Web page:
The Land Institute’s focus is developing perennial grains. While we look to the prairie for inspiration, our research focus is not on restoring native prairies. We suggest you contact your county extension office to find out what native plants grow best in your soil and local climate. They should also be able to provide connections to organizations and seed suppliers in your area who can advise you directly.
While we urge the elimination of fossil fuels, we oppose replacing them with biofuels for road transportation. The current dominant biofuel, grain ethanol, requires almost as much energy to produce as it delivers; biodiesel is only a little better, and both biofuels cause the degradation of many millions of acres of land through the raising of annual grain crops. Extensive production of “cellulosic” biofuel produced from plant vegetation rather than grain would require either dedicating many millions of acres of land to production of fuel rather than food, fiber, or wood products or removing crop residues from vast landscapes after grain harvest, further reducing soil organic matter.
Perennial grain crops might offer a compromise, allowing a grain harvest for food followed by a harvest of the stems and leaves left behind for cellulosic fuel production. In this case, the crops’ investment of carbon in deep, dense perennial root systems would ensure that soil organic matter is maintained or increased. However, per acre, a perennial grain field will produce much less biomass for fuel than a dedicated bioenergy would; furthermore, the grain field’s biomass is likely to have higher value as feed for ruminant animals.
We expect that perennial grain crops will fit into many of the diverse agricultural systems around the world, including systems that are labeled organic, biodynamic, regenerative, sustainable, local, biodiverse, restorative, and conventional.
Perennial grains have a unique capacity to offer robust sustainability benefits to nearly any cropping system, and we anticipate a day when farms and landscapes of all types will benefit from perennial grains. In our work at The Land Institute we aim to foster the use of perennial grains in systems where the positive impacts will be the greatest.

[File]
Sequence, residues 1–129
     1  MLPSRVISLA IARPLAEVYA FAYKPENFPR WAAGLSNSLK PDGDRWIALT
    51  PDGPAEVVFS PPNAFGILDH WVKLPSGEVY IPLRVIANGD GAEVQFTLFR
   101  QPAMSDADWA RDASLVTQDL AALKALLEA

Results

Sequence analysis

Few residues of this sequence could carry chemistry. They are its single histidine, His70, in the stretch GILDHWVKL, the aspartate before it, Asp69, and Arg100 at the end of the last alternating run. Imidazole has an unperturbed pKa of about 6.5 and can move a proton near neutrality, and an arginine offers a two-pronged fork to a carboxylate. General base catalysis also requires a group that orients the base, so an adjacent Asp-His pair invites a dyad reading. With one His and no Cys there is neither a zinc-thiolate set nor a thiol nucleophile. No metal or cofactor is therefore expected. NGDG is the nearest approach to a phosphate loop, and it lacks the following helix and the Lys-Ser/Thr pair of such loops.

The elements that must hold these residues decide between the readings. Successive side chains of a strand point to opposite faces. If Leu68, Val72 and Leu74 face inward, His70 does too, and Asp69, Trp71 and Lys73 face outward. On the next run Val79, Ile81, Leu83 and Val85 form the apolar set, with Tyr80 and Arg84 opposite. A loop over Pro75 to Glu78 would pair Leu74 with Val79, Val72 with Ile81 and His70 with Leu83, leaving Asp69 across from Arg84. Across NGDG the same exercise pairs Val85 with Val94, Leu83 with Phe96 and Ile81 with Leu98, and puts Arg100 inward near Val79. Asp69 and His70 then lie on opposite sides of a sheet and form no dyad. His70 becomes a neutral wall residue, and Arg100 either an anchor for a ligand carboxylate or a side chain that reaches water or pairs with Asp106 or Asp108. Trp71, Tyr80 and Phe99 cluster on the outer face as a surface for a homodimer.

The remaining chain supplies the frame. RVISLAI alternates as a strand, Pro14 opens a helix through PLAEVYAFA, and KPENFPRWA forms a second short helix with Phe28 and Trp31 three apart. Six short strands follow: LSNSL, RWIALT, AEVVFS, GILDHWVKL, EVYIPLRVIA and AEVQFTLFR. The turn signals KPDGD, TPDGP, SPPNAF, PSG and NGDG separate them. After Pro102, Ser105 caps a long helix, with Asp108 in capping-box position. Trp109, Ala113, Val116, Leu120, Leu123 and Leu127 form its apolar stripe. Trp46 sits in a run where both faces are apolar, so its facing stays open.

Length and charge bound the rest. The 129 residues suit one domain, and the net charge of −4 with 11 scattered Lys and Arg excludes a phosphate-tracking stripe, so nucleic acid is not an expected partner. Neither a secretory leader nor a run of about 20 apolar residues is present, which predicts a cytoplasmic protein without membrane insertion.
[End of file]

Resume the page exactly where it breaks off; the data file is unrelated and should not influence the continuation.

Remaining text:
We embrace reduced tillage or no-till farming since it represents a significant step towards saving the soil resource. It is common to lose two orders of magnitude (>100X) more soil than is gained through soil forming processes under conventional tillage, whereas no-till tends to lose only one order of magnitude (10X) more soil than the rate of soil formation. When no-till farmers include cover crops to protect the soil and add biological nitrogen fixation, the rate of erosion drops further.
On the down side, no-till almost universally relies on the application of at least some chemical herbicides to control weeds. Extensive and persistent use of herbicides very predictably results in the evolution of weeds that are resistant to chemical control. In addition, most herbicides carry some risk to the health of humans and other animals.
No-till agriculture typically involves growing annual species which invest far less carbon belowground, and thus cannot achieve the level of soil organic matter as perennials, nor the biological and physical soil attributes that the belowground investment in carbon helps achieve.
Not only do the extensive root systems of herbaceous perennial grain crops protect soil from erosion and improve soil structure, but they can also contribute to climate change adaptation and mitigation via increased ecosystem nutrient retention, carbon sequestration, water infiltration, and uptake efficiency. For example, the roots of Kernza® perennial grain can reach over 10 feet underground and are a net sink for atmospheric carbon. Research is showing that perennial grains like Kernza® are one of the most robust and effective solutions known to sequester carbon on our productive lands.